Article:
When the wonderful Whiskeytown were spawned, the idea was for Ryan Adams to be complimented vocally by violinist Caitlin Cary. It was to be her Emmylou Harris to his Gram Parsons, if you will. However, if you listen to the band’s three albums it will become clear that this union was never fully realised. Adams dissolved Whiskeytown, and deciding he would have Emmylou Harris as his Emmylou Harris on his first album, embarked on the erratic path that is his solo career.
Cary, meanwhile, quietly went about the honest business of making authentic country music that meant something to her, and has two excellent solo albums to her name. Now, it seems, she has found her Gram Parsons in Nashville’s troubadour of twang Thad Cockrell, who apart from possessing a bizarre first name, also has two albums under his belt. The two teamed up in 2004 with the result being Begonias, which while suffering from some wince-inducingly bad lyrics at times, is a quite gorgeous collection of country shuffles and mournful ballads that not only evoke Gram and Emmylou, but original pioneers of American duetting George Jones and Tammy Wynette.
They brought their now very polished live show to a hot and sweaty Borderline, with a loving and surprisingly knowledgeable crowd in front of them.
Much of Begonias sounded brilliant. The album’s finest track, Cary’s Please Break My Heart is the night’s best moment, closely followed by the cheesy but marvellous Two Different Things. Indeed, these two lay on the schmaltz with a trowel – there is a lot of intense gazing at each other whilst singing – but somehow the sheer quality of the songs and genuine emotiveness of the aching harmonies override this. A revealing insight into Cockrell’s love life is Conversations About A Friend (Who’s In Love With Katie), and the whole evening is sequinned by a raucous mid-set cover of Dylan‘s Tonight I’ll Be Staying Here With You. All night Cary and Cockrell are supported ably by a fine band, including one Rich Gilbert on pedal steel whose solos brought evocations of wide prairies and tumbleweed to the dungeon that is the Borderline.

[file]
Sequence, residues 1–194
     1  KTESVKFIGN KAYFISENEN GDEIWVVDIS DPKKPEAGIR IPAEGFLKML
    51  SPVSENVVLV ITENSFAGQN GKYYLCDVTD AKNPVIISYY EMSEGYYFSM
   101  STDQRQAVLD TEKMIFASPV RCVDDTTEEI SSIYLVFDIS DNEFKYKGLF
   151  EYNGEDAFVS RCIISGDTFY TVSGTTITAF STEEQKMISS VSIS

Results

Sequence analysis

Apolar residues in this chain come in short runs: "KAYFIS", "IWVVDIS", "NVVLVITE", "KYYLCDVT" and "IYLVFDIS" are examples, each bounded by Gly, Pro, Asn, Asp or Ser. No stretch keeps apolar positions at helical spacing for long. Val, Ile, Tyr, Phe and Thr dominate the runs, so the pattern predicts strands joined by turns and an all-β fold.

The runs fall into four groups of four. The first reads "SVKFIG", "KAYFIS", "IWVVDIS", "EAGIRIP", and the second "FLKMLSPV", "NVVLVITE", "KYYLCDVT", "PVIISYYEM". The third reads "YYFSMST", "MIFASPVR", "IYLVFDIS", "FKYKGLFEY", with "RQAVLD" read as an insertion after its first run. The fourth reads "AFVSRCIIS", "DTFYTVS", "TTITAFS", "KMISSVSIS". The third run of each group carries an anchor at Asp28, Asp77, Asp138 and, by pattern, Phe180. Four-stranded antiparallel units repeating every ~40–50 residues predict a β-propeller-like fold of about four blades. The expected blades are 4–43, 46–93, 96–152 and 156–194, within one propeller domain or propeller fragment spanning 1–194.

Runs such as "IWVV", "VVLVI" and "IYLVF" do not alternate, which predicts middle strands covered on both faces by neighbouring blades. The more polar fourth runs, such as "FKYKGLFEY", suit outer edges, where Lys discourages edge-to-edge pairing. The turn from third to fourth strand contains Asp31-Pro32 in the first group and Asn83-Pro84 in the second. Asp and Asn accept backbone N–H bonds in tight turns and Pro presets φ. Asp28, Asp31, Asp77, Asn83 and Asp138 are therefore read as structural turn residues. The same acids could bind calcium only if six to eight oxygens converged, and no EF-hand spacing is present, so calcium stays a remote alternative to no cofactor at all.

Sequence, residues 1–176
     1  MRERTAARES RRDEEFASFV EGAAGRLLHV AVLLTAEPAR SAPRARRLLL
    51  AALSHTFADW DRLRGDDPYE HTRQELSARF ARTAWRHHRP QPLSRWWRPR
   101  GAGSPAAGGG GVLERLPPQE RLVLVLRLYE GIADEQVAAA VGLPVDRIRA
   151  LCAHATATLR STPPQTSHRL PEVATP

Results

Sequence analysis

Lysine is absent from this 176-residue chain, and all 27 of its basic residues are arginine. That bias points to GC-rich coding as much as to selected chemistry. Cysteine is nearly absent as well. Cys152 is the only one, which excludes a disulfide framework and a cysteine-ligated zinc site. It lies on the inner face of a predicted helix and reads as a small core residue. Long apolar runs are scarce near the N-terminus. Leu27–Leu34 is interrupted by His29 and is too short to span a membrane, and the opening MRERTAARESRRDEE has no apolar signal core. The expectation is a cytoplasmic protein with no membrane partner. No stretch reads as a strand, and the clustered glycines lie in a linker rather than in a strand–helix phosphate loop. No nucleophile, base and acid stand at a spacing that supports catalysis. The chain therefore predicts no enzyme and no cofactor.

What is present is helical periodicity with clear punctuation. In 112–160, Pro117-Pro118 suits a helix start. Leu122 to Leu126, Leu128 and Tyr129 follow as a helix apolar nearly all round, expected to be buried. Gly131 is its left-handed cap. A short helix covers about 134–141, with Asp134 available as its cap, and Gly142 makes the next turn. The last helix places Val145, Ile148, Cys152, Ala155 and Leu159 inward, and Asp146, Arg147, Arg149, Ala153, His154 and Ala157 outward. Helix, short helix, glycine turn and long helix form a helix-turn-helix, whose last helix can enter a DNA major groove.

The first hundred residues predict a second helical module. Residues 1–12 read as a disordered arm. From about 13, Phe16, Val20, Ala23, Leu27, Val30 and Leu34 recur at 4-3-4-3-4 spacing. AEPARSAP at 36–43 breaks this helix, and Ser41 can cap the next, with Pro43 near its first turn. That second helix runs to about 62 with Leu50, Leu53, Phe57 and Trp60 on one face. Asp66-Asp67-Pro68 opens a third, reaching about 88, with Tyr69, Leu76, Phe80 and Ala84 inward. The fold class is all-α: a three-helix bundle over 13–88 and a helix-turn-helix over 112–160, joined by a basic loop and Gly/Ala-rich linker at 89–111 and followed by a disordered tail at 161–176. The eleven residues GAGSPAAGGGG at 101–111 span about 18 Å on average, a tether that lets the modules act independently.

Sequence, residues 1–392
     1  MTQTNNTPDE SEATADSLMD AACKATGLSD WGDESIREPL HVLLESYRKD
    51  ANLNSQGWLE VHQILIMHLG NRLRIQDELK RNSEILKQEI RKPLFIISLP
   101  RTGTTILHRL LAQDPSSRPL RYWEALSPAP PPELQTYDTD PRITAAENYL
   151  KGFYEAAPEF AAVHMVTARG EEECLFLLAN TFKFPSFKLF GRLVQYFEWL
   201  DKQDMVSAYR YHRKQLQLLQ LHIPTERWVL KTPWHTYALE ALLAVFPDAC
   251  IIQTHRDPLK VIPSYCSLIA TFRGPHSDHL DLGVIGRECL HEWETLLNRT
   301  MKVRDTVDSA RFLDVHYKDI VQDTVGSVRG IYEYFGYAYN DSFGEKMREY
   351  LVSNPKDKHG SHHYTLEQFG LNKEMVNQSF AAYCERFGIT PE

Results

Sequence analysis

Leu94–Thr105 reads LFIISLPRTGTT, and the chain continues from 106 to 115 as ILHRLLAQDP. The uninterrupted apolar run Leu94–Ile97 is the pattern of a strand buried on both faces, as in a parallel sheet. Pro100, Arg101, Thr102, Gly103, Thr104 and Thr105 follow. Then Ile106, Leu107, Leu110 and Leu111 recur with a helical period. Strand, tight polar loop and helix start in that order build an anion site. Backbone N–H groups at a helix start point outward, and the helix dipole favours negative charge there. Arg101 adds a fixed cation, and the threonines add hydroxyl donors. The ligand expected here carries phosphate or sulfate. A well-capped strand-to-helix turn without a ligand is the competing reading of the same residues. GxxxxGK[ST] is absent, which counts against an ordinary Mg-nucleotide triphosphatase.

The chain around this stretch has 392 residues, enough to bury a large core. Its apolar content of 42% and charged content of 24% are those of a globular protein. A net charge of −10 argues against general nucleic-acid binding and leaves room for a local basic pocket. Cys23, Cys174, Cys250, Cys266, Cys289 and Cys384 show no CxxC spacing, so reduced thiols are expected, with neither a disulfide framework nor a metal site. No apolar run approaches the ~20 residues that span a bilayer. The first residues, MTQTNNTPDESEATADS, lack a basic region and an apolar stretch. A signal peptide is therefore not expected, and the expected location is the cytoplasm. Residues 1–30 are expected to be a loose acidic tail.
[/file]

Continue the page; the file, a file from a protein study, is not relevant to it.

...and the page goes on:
Between song patter included a moan about the lifelessness of Maidstone (“more like Tombstone”, says Cockrell) and a plea to the crowd to buy Cary bourbon on the rocks. Soon there is a carpet of whiskey-filled glasses on stage as the faithful dutifully responded to her request.
Now here’s the thing. Cary is a tremendously talented lady, and we would possibly have 21st century country superstar on our hands here, if she were, err, better looking. Were she a svelte, silver-haired minx (like Emmylou) she would no doubt be queen of Nashville and strutting her stuff at awards ceremonies. As it happens, Cockrell is a portly, hairy gentleman and no oil painting himself. It truly is all about the music with these folk.